There are 3 major macronutrients that we all have heard about and they are fats, proteins and carbohydrates. Eating them are a necessary part of maintaining good health, but what do they each do and how do you manage them to optimize your health?
Protein is a macronutrient that is essential to building muscle mass. ... Each gram of protein contains 4 calories. Protein makes up about 15 percent of a person's body weight. Chemically, protein is composed of amino acids, which are organic compounds made of carbon, hydrogen, nitrogen, oxygen or sulfur.
Fat is a term used to describe a class of macro nutrients used in metabolism called triglycerides. Fats provide a means of storing energy for most eukaryotes, as well as act as a food source. Each gram of fat contains 9 calories. Fats have the highest energy storage potential of the macronutrients, and are very chemically stable, making them ideal for storing energy for later use. There are three primary types of fats:
Saturated is a type of fat containing a high proportion of fatty acid molecules without double bonds, considered to be less healthy in the diet than unsaturated fat. These are animal based fats found in meat, cheese, etc.
Unsaturated - Monounsaturated fats are often referred to as “good” fats. They make up the oils and fats found in avocados and olive oil. Polyunsaturated fats are found in canola oil and other less viscous plant oils.
Trans fats are chemically produced fats. They are generally considered to be unhealthy, and are found in mass produced oil found in processed and fried foods.
Foods high in carbohydrates include breads, fruits and vegetables, as well as milk products. Carbohydrates are the sugars, starches and fibers found in fruits, grains, vegetables and milk products. ... They are called carbohydrates because, at the chemical level, they contain carbon, hydrogen and oxygen. There are three classes of carbohydrates: monosaccharides, disaccharides, and polysaccharides.
Carbohydrates are the sugars, starches and fibers found in fruits, grains, vegetables and milk products and are the bones main source for energy. Each gram of Carbohydrate has 4 calories.
Finding the macronutrient balance
So now that you know the bodies main sources of energy let's discuss how to best balance these macronutrients in a balanced diet and furthermore in a high performance diet. US dietary guidelines would suggest that a healthy diet consists of 45-65% carbohydrate, 20-35% fat and 10-25% protein. Because each macro nutrient is processed differently in the body in how it is converted to energy I have set may macronutrient balance at different percentages.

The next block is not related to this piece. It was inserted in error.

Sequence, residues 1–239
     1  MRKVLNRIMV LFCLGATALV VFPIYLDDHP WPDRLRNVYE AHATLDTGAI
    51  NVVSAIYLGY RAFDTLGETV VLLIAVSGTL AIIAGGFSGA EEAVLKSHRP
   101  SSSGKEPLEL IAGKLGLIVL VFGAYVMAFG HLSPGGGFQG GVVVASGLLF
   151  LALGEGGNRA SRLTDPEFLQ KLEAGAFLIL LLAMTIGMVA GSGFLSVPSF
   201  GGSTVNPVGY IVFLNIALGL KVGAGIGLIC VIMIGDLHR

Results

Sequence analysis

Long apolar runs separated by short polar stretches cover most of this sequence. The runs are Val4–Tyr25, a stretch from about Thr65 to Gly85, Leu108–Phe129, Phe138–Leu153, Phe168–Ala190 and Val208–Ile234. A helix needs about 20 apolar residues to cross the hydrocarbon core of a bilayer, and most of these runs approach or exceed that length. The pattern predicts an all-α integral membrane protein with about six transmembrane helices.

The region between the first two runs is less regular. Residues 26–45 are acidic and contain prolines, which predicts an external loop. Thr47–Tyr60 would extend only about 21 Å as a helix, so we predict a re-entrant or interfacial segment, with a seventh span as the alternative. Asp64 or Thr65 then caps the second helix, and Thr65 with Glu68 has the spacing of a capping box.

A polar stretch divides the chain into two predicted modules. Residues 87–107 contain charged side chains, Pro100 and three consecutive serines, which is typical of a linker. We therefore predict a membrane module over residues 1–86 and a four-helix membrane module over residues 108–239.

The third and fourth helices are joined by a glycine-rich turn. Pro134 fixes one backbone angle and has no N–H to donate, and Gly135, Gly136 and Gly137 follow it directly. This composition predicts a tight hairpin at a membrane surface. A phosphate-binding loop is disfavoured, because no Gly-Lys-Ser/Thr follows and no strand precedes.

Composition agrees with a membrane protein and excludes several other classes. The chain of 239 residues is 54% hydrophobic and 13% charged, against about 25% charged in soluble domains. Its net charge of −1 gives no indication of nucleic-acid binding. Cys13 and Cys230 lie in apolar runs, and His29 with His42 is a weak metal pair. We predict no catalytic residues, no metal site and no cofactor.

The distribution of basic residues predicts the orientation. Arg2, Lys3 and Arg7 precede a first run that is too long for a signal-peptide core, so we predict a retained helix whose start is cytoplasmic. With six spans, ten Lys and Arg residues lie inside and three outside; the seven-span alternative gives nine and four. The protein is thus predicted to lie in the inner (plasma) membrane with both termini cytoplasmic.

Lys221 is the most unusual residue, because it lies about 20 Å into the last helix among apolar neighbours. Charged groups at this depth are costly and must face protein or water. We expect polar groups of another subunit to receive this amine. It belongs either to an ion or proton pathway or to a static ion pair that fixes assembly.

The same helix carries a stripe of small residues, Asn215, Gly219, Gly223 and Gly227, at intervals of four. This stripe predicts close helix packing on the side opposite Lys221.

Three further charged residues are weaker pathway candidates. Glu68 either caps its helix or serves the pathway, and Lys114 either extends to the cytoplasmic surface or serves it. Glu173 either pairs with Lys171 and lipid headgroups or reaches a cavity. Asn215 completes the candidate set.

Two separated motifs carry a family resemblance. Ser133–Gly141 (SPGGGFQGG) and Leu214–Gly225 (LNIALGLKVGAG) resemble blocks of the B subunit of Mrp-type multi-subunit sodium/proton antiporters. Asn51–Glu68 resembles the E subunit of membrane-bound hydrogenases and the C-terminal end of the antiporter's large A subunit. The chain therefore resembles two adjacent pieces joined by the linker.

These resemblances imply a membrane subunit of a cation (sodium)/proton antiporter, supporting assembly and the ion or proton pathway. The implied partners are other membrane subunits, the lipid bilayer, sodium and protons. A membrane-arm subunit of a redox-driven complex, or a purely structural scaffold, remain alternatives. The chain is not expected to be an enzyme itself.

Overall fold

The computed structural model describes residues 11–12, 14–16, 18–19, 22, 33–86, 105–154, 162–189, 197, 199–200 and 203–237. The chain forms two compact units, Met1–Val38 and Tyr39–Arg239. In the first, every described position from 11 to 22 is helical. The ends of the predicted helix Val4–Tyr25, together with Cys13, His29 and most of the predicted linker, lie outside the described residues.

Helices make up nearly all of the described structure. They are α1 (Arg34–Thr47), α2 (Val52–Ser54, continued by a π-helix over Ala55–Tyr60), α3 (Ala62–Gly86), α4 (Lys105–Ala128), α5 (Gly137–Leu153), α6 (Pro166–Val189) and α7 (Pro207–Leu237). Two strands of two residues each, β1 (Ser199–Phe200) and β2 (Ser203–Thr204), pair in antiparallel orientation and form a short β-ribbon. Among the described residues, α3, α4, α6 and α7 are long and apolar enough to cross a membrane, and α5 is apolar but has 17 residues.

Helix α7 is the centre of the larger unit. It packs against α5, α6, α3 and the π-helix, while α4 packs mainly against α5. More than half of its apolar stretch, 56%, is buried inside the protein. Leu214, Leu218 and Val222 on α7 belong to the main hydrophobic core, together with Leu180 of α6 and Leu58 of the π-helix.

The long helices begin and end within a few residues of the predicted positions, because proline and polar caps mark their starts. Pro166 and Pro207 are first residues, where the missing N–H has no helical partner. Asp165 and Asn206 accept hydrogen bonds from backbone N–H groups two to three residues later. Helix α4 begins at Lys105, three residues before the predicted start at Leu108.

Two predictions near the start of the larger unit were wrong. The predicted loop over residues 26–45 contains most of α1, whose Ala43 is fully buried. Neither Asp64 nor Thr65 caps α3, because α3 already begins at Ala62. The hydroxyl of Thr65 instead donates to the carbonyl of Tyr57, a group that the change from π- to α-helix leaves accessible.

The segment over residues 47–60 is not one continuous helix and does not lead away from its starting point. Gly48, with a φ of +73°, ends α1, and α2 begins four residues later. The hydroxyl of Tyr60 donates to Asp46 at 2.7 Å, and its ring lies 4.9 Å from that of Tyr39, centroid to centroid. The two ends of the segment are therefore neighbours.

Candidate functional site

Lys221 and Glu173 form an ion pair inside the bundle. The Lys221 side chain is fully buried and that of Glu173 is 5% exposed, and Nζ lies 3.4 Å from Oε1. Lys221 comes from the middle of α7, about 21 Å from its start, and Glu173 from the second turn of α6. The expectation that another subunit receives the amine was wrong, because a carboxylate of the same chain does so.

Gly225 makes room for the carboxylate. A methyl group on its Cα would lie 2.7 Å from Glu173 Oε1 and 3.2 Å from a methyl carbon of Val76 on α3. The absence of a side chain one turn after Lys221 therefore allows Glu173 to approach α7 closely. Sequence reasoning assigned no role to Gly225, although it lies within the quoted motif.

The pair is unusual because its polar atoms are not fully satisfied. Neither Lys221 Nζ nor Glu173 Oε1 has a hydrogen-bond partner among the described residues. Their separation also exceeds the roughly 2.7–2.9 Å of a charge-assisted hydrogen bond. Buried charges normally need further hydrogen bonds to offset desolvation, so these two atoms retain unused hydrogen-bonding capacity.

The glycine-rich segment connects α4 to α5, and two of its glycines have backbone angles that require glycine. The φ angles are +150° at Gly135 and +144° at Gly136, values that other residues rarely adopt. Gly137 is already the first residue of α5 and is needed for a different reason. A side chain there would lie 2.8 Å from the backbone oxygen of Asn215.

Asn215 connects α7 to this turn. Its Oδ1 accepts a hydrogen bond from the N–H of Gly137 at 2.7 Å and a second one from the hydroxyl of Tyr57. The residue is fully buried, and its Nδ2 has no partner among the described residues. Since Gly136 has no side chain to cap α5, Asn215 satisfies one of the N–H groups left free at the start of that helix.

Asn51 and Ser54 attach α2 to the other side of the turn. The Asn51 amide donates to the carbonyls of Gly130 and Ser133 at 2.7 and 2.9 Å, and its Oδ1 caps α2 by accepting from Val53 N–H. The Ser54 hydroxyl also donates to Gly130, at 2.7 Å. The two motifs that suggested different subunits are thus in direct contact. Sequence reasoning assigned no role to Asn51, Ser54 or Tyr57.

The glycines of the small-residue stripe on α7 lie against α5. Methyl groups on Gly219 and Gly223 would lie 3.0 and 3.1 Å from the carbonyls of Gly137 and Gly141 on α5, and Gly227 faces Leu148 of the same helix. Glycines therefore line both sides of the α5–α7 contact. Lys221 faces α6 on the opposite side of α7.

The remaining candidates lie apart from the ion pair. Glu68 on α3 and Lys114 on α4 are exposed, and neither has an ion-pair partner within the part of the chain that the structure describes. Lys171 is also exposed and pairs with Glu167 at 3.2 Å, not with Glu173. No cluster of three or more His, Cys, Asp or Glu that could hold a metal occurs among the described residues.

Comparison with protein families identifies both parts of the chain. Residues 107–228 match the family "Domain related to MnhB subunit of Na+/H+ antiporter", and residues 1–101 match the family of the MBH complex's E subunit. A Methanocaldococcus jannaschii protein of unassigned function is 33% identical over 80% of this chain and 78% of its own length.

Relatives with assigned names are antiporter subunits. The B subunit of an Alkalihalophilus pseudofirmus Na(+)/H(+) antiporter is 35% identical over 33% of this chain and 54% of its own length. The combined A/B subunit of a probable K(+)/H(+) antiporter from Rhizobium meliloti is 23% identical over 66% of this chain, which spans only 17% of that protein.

My diet is roughly 1800 - 2000 calories per day when I'm training. I eat about 35% of my calories from protein, 30% of my calories from fats and 35% of my calories from carbohydrates. Although I am not strict on percentages they are guidelines for me as I seek to find balance and go with how my body is feeling each day. So my diet is the inverse of US guidelines above, but this is what works best for me in maintaining a lean physique.
In each of the macronutrients I have my favorites and want to share some of them with you.
Proteins - I like chicken and turkey but also love to east fish. Tuna, Salmon and sea bass are my favorites. I like to eat them grilled with a little olive oil.
Carbohydrates - sweet potato is one of my favorites and I love it grilled with a little olive oil as well. Asparagus, broccoli and kale are some of my go to vegetables and Ezekiel bread a high seed bread is my favorite grain to eat. I try to stay away from too much sugar but find a way to balance it in my diet.
Fats - nut butters such as fresh peanut butter or almond butter are my favorites. I do get additional fats from avocado and each them daily. Olive oil is my oil of choice and I use it on everything.
Finding your balance....
This is my approach to the macronutrient game and what works best for me. I have found this to be most effective for me based on trial and error and getting great advice from professional trainers. I encourage you to look at your numbers and understand what calories your body needs per day and how to best balance your macronutrients and calories for optimum health.